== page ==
As still a relatively young technology, publishers face a steep hill of challenges when it comes to being profitable in producing ebooks. Nieman reports on how the industry is adjusting strategy and one of the more interesting points is that most ebooks are read via mobile devices instead of on actual e-readers.
This is brought into context with the recent announcement that Oyster, an ebook subscription service, will no longer be in operation within the next few months. Fortunately for them, Google hired many employees and the author speculates that they are after Oyster’s digital reading experience. However, the deal did not include any of the contracts that Oyster had with publishers. Subscription services for ebooks are a good idea in theory, but more difficult to sustain in practice. Not surprisingly, Amazon’s Kindle Unlimited seems to have a better business model to survive. Authors who are included are only able to print with Amazon, while Oyster was just one way that publishers were getting their content out.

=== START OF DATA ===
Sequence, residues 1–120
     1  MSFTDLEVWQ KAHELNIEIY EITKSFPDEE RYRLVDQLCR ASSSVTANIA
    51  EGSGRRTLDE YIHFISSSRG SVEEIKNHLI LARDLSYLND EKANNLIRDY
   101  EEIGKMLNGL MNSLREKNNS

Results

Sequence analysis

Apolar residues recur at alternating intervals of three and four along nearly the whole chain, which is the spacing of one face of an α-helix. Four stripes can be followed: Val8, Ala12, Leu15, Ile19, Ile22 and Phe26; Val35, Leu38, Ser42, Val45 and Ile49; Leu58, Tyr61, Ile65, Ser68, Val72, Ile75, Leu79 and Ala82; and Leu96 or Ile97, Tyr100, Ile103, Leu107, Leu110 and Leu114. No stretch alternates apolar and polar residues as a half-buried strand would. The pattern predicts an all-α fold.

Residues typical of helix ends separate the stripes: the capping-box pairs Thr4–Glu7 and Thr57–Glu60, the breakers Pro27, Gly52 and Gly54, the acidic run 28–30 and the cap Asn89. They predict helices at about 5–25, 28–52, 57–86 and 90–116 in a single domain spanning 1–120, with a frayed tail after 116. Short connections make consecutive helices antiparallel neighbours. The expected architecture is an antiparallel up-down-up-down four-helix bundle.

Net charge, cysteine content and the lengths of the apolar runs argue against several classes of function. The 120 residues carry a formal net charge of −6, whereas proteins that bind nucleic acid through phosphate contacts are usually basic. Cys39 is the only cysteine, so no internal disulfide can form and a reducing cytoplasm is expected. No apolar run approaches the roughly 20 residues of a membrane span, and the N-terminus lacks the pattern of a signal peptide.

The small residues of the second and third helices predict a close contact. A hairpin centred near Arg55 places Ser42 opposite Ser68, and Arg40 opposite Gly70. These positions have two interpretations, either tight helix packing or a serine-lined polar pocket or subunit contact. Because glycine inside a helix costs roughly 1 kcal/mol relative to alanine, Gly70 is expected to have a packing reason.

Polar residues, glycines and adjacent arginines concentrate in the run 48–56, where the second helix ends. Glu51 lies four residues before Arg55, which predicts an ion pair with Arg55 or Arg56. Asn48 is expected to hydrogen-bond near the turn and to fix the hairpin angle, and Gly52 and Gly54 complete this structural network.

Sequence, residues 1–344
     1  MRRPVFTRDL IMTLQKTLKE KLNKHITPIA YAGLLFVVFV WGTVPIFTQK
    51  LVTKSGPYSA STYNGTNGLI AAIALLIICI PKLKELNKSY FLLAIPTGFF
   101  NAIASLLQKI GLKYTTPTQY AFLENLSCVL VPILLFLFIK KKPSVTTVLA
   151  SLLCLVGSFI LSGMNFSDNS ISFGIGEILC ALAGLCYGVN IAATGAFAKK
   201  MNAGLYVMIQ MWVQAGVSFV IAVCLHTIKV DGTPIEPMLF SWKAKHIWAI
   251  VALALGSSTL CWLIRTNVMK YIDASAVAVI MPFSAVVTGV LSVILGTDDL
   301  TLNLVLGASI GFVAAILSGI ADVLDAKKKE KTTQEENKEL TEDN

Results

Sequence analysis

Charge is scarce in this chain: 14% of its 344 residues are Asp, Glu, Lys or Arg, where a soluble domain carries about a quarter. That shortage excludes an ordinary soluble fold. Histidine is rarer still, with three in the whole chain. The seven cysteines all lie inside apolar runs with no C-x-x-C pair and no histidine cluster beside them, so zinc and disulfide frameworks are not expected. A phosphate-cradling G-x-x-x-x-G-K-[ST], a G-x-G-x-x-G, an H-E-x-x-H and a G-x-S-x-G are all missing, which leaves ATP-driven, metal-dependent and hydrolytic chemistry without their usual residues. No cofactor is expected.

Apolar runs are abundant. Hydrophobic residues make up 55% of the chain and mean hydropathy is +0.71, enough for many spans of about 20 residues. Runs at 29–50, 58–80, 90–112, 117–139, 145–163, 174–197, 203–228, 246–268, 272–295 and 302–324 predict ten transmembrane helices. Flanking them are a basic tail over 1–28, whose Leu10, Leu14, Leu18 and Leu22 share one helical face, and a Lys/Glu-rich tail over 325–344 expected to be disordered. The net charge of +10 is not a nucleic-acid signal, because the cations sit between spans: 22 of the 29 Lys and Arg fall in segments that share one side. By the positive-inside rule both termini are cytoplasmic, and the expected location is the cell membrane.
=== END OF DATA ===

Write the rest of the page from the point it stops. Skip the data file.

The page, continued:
The next few years will be telling. Will ebooks go the way of newspapers with digital access accounts? Will authors get paid more based on page views (like Amazon) or by selling ad-space? Will digital publishing of fiction books become extinct? We will have to wait and see.